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    Neo Rauch: Die Fuge

The future bleeds into the past in the stunning paintings of Neo Rauch

Posted by James Cartwright,

German painter Neo Rauch exists in a world of idealised perfection and new world hope. In the vein of the Social Realists or Second World War propaganda posters the figures he paints are totemic figures of sinewy perfection wielding industrial tools, striving collectively for a better future. But there are more sinister elements at play too. The other side of Rauch’s world includes depravity of Hogarthian proportions; ungainly characters swaying uncomfortably and indulging in base desires – all from ambiguous historical origins.

Rauch’s potency exists in his ability to blur these two worlds both visually and conceptually; there’s no fixed perspective in his paintings, scenes and characters bleed seamlessly into one another with dreamlike fluidity and his contradictory themes combine into large-scale surrealist narratives.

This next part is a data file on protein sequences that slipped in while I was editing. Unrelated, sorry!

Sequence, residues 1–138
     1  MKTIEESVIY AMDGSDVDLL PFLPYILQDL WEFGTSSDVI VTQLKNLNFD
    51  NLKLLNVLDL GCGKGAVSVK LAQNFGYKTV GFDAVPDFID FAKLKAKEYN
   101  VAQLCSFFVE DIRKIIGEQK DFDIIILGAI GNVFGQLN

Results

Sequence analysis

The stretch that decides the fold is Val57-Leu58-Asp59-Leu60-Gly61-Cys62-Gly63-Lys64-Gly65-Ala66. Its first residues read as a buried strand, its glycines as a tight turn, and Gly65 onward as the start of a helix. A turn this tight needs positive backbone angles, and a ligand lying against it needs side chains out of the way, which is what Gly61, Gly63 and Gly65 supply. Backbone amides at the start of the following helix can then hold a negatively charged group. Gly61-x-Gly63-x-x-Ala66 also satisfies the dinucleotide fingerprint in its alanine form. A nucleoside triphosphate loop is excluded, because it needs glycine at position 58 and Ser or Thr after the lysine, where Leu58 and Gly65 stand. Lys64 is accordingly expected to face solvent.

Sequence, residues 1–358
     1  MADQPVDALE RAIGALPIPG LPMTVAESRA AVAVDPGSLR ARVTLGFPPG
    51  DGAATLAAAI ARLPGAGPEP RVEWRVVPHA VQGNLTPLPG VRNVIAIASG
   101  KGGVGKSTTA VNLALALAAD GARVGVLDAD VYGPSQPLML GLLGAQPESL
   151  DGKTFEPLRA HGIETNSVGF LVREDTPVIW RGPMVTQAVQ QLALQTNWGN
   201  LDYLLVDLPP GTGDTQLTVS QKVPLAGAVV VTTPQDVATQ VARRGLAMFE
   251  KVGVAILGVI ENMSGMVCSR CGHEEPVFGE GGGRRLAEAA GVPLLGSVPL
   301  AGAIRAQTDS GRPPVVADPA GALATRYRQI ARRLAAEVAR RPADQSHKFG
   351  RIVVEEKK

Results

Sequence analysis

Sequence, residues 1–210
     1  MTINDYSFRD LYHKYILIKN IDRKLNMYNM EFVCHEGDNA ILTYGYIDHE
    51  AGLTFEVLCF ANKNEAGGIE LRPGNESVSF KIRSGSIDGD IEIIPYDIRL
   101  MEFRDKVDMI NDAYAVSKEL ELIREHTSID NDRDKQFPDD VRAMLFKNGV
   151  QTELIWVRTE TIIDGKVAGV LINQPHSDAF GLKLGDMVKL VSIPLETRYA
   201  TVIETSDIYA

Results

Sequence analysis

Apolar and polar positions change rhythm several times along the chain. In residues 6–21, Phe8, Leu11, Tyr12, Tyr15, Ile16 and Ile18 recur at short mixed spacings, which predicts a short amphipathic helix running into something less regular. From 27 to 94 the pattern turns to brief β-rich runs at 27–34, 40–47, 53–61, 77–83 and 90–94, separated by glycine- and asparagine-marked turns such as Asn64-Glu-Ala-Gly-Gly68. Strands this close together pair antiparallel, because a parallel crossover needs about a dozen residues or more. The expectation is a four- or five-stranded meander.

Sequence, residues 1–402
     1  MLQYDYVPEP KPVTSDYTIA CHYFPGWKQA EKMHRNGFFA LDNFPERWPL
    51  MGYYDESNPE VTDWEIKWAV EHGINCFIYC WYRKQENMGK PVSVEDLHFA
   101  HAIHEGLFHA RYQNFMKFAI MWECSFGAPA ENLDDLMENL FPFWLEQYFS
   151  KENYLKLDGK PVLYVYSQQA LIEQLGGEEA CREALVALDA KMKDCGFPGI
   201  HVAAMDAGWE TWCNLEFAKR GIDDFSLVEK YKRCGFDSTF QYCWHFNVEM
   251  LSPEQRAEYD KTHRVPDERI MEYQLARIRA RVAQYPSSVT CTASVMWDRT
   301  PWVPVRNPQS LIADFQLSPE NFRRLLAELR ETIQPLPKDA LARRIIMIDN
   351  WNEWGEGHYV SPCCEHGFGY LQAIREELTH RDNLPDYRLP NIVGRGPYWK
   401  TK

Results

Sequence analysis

Rauch is already a well-established name in the art world – he’s even got his own monograph with Taschen, but we only discovered him the other week at the kind recommendation of Jan Van Der Veken.

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    Neo Rauch: Leporello

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    Neo Rauch: Kühlraum

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    Neo Rauch: Die Nächste Zug

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    Neo Rauch: Die Stickerin

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    Neo Rauch: Die Aufnahme

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    Neo Rauch: Alte Verbindungen


Posted by James Cartwright

James started out as an intern in 2011 and is now one of our two editors. He oversees Printed Pages magazine and content wise has a special interest in graphic design and illustration. He also runs our online shop Company of Parrots and is a regular on our Studio Audience podcast.